During her opening statement at trial, defense counsel told the jury that she would be calling an oncology nurse to testify as an expert witness. She stated:
"You are going to hear from a number of experts in this case. We're going to bring three medical experts to you: * * * an oncology nurse, nurse manager at OHSU; [and two] oncologists."
Counsel went on to explain what she expected the substance of the nurse expert's testimony to be. Apparently, because of scheduling difficulties, the nurse expert was never called to testify. Plaintiffs' counsel was aware of the problems in scheduling that witness.
Nonetheless, in closing argument to the jury, plaintiffs' counsel questioned the reason that the defense had failed to call the nurse expert. He argued:
"Can you imagine this institution, Oregon Hematology Oncology, and they have not called an independent nurse expert to justify the care in this case?
"I mean, can you imagine? Now, there's a reason. It is probably because they couldn't get a nurse expert who would say that this was okay care. That's the conclusion that's easy to draw on.
"* * * * *
"Remember, we're supposed to decide cases on the evidence and the evidence alone. So I submit to you that if they had a chance to bring together, bring more information to you, that they did not. If they are making assertions that they do not follow through on, that tells you something about who really is telling you what is going on in the case."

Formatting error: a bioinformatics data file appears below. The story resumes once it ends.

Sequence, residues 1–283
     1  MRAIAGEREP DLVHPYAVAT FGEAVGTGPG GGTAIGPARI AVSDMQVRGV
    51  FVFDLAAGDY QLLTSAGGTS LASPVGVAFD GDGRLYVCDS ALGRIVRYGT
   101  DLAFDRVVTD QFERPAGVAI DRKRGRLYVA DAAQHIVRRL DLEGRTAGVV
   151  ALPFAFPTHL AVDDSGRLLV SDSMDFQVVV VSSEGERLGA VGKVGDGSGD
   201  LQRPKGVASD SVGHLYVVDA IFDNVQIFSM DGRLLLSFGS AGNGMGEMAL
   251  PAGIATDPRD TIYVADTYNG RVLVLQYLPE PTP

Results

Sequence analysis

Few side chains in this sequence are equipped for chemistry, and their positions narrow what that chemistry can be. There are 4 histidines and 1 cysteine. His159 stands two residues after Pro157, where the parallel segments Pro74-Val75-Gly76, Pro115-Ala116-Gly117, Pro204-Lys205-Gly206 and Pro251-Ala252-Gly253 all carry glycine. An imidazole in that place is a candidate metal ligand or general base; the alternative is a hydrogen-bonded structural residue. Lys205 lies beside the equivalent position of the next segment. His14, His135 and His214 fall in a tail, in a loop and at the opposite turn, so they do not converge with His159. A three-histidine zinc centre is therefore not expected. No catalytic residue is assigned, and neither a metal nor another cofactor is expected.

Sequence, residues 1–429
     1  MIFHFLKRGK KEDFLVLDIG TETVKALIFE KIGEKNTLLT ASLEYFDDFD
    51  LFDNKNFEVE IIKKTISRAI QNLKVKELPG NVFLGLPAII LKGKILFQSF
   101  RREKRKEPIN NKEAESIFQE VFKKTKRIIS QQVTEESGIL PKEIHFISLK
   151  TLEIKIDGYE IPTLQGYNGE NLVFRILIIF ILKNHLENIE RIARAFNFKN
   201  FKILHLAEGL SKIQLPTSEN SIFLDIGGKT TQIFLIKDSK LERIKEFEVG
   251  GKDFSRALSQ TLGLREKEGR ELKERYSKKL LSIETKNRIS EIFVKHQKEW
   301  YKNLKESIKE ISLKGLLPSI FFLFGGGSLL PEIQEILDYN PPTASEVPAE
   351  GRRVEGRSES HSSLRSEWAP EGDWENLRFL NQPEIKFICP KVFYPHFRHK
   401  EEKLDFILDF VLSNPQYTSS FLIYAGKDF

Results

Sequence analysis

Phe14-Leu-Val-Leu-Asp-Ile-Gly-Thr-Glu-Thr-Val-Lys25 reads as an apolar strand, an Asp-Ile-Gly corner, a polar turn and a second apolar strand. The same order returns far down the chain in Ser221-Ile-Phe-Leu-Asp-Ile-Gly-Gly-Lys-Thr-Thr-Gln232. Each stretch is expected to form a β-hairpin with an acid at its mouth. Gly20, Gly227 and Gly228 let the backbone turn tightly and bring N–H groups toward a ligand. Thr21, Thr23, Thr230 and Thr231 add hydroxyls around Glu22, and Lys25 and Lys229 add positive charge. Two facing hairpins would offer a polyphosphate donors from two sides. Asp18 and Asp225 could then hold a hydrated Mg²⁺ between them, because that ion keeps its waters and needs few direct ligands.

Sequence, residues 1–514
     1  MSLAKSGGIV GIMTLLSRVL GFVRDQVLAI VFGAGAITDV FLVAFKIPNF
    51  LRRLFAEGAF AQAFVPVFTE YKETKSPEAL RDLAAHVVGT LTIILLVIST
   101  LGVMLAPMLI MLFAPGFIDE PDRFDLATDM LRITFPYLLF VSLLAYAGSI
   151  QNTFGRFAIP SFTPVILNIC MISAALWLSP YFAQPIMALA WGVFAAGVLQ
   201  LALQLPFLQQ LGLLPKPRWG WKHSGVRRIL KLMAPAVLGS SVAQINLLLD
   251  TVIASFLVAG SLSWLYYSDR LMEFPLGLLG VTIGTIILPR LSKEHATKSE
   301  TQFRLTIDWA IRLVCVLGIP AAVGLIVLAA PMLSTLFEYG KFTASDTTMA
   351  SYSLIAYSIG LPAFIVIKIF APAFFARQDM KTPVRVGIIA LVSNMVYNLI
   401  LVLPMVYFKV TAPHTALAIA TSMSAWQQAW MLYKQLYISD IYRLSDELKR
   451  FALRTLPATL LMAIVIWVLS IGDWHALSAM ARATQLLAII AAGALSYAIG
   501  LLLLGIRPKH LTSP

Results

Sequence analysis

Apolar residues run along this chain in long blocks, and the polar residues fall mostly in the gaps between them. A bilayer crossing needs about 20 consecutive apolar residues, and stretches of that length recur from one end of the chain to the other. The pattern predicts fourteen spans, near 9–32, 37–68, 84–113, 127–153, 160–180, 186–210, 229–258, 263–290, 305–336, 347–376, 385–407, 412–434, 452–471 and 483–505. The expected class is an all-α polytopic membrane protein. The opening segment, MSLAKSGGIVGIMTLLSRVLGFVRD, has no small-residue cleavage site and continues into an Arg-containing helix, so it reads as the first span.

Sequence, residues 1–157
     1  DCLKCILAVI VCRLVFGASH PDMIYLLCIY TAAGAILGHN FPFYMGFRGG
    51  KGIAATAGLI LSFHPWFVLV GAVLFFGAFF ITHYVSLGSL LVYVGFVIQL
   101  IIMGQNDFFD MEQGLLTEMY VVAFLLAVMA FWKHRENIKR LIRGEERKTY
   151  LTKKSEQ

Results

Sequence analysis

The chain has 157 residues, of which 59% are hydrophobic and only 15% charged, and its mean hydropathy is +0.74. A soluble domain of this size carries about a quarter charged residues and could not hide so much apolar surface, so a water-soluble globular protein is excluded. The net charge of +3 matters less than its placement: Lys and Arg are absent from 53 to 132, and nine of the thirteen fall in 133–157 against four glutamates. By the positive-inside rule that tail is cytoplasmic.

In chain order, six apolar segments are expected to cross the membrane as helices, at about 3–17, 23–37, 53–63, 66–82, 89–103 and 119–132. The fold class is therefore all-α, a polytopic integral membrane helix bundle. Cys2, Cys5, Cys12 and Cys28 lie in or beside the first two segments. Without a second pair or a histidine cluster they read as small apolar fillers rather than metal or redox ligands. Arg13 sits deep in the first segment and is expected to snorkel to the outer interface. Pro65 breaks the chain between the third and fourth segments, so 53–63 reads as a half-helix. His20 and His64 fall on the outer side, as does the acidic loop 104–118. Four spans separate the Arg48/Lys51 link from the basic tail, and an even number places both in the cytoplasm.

Defense counsel then sought to respond to that argument regarding the nurse expert. The following colloquy occurred during defense counsel's jury argument:
"[DEFENSE COUNSEL]: Now, one thing I just want to mention before I forget, [plaintiffs' counsel] said that we didn't even call an oncology nurse. And I hope you remember that when I started my case, and I gave my opening statement, I told you that I had [two oncologists] and [an oncology nurse] who is the nurse manager at OHSU and has 20 years' of experience in oncology. I hope you remember that--
"[PLAINTIFFS' COUNSEL]: Your Honor, I hope counsel is not going to go someplace where she's testifying as opposed to addressing the evidence that was before the court.
"[THE COURT]: I'm going to let her continue * * * in the same vein that you addressed the evidence.
"[DEFENSE COUNSEL]: I hope you'll remember that on Wednesday afternoon, there were two witnesses in the courtroom: [a doctor] who came back yesterday.
"[PLAINTIFFS' COUNSEL]: Your Honor, respectfully, this is improper. I object to this argument.